If the Colonial Office did not see its way to retain Grey in the Colony until his constitution had been put into full working order, it should, at least, have seen that he was succeeded by a capable official. This was not done. His successor did not arrive for two years, and meanwhile the Vice-regal office devolved upon Colonel Wynyard, a good-natured soldier, unfitted for the position. The first Parliament of New Zealand was summoned, and met at Auckland on the Queen's birthday in 1854. Many, perhaps most, of its members were well-educated men of character and capacity. The presence of Gibbon Wakefield, now himself become a colonist, added to the interest of the scene. At last, those who had been agitating so long for self-government had the boon apparently within their grasp. In their eyes it was a great occasion—the true commencement of national life in the Colony. The irony of fate, or the perversity of man, turned it into a curious anti-climax. The Parliament, indeed, duly assembled. But it dispersed after weeks of ineffectual wrangling and intrigue, amid scenes which were discreditable and are still ridiculous. Those who had drawn up the constitution had forgotten that government, through responsible Ministers forming a Cabinet and possessing the confidence of the elective Chamber, must be a necessary part of their system. Not only was no provision made for it in the written constitution, but the Colonial Office had sent the Governor no instructions on the subject. The Viceroy was surrounded by Patent Officers, some of whom had been administering since the first days of the Colony. No place of refuge had been prepared for them, and, naturally, they were not going to surrender their posts without a struggle. Colonel Wynyard was wax in the hands of the cleverest of these—Mr. Attorney-General Swainson. When the Parliament met, he asked three members to join with his old advisers in forming a Cabinet. They agreed to do so, and one of them, Mr. James Edward Fitzgerald, a Canterbury settler of brilliant abilities, figured as the Colony's first Premier. An Irish gentleman, an orator and a wit, he was about as fitted to cope with the peculiar and delicate imbroglio before him as Murat would have been to conceive page 192 and direct one of Napoleon's campaigns. In a few weeks he and his Parliamentary colleagues came to loggerheads with the old officials in the Cabinet, and threw up the game. Then came prorogation for a fortnight and another hybrid ministry, known to New Zealand history as the “Clean-Shirt Ministry,” because its leader ingenuously informed Parliament that when asked by the Governor to form an administration, he had gone upstairs to put on a clean shirt before presenting himself at Government House. The Clean-Shirt Ministry lived for just two days. It was born and died amid open recrimination and secret wire-pulling, throughout which Mr. Attorney Swainson, who had got himself made Speaker of the Upper House while retaining his post as the Governor's legal adviser, and Mr. Gibbon Wakefield, who was ostensibly nothing but a private member of the Lower House, pulled the strings behind the scenes. Wakefield began by putting himself at the head of the agitation for responsible Ministers. When later, after negotiating with the Governor's entourage, he tried compromise, the majority of the House turned angrily upon him. At last a compromise was arrived at. Colonel Wynyard was to go on with his Patent Officers until a Bill could be passed and assented to in England establishing responsible government; then the old officials were to be pensioned off and shelved. At one stage in this singular session the Governor sent a message to the House written on sheets of paper, one of the leaves of which the clerk found to be missing. Gibbon Wake-field thereupon coolly pulled the missing portion out of his pocket and proposed to hand it in—a piece of effrontery which the House could not stomach. On another occasion the door of the House had to be locked to prevent the minority running away to force on a count-out, and one honourable member assaulted another with his fists. Australia laughed at the scene, which, it may here be said, has never been repeated in the New Zealand Legislature. The greatest man in the Parliament was the greatest failure of the session. Gibbon Wakefield left Auckland unpopular and distrusted. Soon afterwards his health broke down, and the rest of his life was passed in strict retirement in the Colony which he had founded and in which he died.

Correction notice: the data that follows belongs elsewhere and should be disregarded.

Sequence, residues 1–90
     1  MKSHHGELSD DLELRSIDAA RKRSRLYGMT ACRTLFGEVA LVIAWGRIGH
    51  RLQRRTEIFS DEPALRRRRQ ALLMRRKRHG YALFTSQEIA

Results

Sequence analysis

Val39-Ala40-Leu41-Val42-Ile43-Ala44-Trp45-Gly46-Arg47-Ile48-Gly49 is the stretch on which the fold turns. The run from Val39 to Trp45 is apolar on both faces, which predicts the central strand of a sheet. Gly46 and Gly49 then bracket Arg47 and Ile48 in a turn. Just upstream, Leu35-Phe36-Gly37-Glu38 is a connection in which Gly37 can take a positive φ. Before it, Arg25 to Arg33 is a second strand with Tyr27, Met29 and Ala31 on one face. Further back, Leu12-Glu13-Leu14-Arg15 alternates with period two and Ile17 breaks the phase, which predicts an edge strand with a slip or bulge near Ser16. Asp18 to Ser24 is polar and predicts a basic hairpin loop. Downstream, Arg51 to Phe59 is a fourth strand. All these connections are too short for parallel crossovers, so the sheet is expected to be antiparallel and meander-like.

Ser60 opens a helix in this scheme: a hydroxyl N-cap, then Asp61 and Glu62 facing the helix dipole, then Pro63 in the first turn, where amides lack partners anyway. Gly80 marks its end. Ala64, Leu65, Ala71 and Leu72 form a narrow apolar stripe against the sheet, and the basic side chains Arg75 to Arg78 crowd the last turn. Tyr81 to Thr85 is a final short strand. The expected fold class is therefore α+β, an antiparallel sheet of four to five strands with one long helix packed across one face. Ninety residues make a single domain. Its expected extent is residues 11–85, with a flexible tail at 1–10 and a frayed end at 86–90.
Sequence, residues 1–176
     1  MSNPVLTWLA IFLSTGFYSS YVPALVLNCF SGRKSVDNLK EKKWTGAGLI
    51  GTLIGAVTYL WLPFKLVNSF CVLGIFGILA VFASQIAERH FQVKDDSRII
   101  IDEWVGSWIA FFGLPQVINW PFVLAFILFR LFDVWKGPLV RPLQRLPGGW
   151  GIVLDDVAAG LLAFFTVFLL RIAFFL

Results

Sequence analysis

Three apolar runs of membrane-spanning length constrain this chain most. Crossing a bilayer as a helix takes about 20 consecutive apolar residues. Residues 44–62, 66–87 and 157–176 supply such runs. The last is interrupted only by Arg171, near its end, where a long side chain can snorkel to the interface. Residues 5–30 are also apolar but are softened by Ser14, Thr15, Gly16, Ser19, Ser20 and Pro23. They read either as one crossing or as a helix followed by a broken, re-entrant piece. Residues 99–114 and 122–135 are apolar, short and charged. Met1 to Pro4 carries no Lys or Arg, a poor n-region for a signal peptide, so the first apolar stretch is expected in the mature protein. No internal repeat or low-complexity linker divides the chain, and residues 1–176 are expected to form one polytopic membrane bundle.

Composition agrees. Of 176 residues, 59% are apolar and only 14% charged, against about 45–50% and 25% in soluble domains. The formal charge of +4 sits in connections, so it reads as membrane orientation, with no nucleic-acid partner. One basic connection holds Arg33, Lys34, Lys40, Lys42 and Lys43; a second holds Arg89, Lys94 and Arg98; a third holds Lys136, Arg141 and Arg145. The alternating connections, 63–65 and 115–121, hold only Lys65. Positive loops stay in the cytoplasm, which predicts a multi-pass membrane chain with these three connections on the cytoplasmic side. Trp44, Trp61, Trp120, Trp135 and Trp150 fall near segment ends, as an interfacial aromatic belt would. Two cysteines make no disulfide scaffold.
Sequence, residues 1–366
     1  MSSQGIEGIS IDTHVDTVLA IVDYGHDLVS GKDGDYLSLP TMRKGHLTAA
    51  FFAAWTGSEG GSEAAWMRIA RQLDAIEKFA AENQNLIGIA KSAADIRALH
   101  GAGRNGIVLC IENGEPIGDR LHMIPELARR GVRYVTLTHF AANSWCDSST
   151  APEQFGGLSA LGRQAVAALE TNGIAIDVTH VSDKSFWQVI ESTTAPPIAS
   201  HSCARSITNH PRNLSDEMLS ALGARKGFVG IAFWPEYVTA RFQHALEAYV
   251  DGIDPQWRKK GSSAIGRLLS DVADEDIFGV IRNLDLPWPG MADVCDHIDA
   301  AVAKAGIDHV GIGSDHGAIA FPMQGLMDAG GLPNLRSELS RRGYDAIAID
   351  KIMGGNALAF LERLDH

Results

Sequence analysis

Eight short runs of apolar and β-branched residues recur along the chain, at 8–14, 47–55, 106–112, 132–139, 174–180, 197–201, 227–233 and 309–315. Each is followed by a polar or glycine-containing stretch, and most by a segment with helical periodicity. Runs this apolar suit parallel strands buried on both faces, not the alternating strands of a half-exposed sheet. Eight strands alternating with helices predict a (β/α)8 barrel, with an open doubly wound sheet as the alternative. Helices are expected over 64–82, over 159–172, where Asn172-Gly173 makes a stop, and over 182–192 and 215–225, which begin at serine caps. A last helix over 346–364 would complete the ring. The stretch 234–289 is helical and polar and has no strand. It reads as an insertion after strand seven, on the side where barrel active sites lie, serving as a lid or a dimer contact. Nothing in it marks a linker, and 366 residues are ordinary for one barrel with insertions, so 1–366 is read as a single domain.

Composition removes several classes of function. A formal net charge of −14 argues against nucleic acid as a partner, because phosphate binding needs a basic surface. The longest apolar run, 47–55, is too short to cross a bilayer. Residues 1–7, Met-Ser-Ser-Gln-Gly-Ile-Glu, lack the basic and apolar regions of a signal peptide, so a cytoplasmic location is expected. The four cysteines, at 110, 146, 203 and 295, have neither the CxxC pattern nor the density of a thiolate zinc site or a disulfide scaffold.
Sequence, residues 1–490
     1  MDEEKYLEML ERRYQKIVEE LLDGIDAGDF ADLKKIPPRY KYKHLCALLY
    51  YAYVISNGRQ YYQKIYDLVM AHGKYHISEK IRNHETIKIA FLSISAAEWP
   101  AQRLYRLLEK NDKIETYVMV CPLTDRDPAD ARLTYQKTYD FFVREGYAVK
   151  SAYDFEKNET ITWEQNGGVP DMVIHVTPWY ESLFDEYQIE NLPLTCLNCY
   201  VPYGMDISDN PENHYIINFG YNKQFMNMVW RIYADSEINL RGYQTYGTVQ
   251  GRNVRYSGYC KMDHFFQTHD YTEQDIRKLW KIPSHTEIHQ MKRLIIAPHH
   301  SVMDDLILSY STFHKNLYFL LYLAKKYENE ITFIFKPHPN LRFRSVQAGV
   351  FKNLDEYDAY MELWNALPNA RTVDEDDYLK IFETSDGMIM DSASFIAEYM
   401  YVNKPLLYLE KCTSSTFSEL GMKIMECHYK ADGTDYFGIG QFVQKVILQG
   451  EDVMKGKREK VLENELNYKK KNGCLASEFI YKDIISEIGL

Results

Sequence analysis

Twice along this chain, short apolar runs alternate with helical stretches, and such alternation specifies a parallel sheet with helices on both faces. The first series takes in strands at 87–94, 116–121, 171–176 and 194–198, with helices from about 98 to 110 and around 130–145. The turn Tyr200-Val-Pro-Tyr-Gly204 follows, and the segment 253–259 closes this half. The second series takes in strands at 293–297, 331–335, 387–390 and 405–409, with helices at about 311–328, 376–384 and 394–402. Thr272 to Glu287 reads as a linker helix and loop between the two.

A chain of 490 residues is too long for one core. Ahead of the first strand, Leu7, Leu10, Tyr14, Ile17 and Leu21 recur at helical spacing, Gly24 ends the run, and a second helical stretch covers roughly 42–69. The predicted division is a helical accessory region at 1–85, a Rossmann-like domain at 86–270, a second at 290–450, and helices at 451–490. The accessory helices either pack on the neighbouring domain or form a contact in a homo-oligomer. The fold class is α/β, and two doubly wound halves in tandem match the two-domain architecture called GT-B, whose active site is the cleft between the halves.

The Colonial Office snubbed Colonel Wynyard and Mr. page 193 Swainson, and informed them that responsible government could be initiated without an Act of Parliament. A year, however, passed before the General Assembly was summoned together, and then it merely did formal work, as the Acting-Governor had taken upon himself to ordain that there should be a dissolution previous to the establishment of responsible Ministers. This put everything off till the middle of 1856, by which time Colonel Wynyard had left the Colony. To his credit be it noted that he had kept out of native wars. Moreover, in his time, thanks to the brisk trade caused by the gold discoveries in Australia and the progress of sheep-farming in the South Island, the country was waxing prosperous.